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07 Oct 2012 17:55 GMT
It(***)s the business end of the World Twenty20 and the first team to qualify for the semi-finals are the West Indies, who knocked New Zealand out in a dramatic Super Over [Reuters]
Both teams reached 139 after 40 overs at Pallekele stadium, sending New Zealand to another Super Over decider. The Kiwis scored 17 off six balls with Ross Taylor hitting a six off Marlon Samuels [GETTY]
However the Windies breezed through with a ball to spare as Samuels smashed the winning six off Tim Southee [EPA]
The second team to qualify from the Super Eights group one are hosts Sri Lanka who beat England by 19 runs, sending the defending champions crashing out [EPA]
Sri Lanka made 169-6 in their 20 overs before man-of-the-match Lasith Malinga took a career best 5-31 to restrict England to 150-9 in their overs [EPA]
Australia were the next team to qualify for the Super Eights after their final group game against Pakistan. Despite a nervy 32-run loss they qualified by virtue of their net run-rate, knocking a winless South Africa out of the tournament [EPA]
It was Australia(***)s first loss of the tournament and for a while it looked like they would struggle to reach the 112 runs they needed. The result left India needing a big win over South Africa to stop Pakistan(***)s progress into the semis [EPA]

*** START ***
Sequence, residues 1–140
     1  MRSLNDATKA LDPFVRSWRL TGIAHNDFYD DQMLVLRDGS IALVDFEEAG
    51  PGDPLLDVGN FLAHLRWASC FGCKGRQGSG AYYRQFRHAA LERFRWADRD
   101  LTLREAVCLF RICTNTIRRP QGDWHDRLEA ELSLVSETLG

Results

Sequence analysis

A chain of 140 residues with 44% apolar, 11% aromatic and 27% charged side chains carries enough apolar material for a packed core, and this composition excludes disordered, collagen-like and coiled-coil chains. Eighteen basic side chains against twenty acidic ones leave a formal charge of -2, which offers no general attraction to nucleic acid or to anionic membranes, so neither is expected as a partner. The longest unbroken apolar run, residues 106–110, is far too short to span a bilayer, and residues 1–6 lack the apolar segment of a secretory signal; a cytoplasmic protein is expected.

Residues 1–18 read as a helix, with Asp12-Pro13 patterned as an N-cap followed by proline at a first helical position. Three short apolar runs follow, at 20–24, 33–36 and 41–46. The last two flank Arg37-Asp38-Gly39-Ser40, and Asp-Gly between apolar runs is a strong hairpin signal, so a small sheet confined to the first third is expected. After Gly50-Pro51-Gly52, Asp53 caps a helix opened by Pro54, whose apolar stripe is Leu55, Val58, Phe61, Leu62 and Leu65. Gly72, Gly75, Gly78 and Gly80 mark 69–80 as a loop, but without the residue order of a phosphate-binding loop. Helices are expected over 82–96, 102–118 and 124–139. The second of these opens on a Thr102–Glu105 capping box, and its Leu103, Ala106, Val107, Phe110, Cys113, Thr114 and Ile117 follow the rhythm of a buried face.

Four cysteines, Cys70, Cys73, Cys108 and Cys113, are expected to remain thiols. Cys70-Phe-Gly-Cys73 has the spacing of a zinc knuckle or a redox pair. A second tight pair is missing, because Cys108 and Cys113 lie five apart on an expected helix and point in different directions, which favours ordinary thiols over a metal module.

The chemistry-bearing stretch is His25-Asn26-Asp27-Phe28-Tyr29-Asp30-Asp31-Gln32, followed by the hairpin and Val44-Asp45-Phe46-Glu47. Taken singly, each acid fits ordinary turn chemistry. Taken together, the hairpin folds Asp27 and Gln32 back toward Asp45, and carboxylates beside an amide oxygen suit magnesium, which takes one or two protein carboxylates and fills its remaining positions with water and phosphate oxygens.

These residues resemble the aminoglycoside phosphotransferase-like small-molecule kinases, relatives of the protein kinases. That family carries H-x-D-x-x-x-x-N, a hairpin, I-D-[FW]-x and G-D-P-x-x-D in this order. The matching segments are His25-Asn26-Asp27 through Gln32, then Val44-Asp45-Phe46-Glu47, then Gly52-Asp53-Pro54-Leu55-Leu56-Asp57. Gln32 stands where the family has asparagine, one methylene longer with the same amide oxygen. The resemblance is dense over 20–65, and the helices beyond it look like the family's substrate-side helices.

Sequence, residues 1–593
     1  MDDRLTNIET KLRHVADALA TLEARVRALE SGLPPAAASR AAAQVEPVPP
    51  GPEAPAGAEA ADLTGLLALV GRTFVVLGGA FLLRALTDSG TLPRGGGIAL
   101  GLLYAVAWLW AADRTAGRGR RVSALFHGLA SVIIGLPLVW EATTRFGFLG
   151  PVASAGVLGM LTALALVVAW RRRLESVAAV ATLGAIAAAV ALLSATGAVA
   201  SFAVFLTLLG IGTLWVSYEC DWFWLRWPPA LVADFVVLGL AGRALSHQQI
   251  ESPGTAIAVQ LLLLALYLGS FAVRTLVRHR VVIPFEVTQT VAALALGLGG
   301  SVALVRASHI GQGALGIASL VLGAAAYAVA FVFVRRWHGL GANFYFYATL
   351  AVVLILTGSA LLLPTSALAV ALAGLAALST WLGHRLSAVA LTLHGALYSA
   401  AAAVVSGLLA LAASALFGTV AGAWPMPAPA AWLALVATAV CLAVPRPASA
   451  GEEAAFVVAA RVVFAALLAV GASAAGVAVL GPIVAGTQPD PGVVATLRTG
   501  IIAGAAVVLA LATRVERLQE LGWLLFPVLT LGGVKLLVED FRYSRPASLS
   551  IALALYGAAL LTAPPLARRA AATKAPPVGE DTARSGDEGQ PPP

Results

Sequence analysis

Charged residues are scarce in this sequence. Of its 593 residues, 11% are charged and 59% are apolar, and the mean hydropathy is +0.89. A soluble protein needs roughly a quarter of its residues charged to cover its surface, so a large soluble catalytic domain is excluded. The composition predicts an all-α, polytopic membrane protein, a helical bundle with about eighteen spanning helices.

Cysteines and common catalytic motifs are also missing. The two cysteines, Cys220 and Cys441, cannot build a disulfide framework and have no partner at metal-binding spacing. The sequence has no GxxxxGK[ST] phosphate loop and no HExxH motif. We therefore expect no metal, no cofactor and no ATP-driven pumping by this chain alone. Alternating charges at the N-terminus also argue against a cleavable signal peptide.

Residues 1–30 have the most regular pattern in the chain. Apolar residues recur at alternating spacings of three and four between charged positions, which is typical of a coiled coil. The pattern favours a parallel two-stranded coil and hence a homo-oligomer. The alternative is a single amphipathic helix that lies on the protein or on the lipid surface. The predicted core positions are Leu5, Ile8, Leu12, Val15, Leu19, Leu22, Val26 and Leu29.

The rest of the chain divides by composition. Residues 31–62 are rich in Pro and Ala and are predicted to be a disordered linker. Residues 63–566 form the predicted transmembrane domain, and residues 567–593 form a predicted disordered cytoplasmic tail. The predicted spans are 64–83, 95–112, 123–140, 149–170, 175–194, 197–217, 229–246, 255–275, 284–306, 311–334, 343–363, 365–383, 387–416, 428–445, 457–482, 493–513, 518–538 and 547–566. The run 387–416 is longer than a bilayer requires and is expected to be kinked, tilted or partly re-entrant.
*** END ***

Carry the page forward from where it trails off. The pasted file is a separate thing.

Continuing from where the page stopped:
But it was not to be. India needed to restrict South Africa to 121 after making 152-6, but the already-eliminated Proteas were bowled out for 151 on the penultimate ball, dashing Indian dreams [Reuters]
In front of a raucous home crowd Sri Lanka booked their spot in the World Twenty20 final with a 16-run-victory over Pakistan in Colombo [EPA]
And they will meet the West Indies in the Sunday(***)s final after Chris Gayle(***)s unbeaten 75 off 41 balls inspired a 74-run demolition of favourites Australia [EPA]
At the beginning of the tournament many fancied the West Indies to win it and that is exactly what they did. Marlon Samuels spurred his side on to victory against the hosts Sri Lanka. And then the dancing began! [Reuters]
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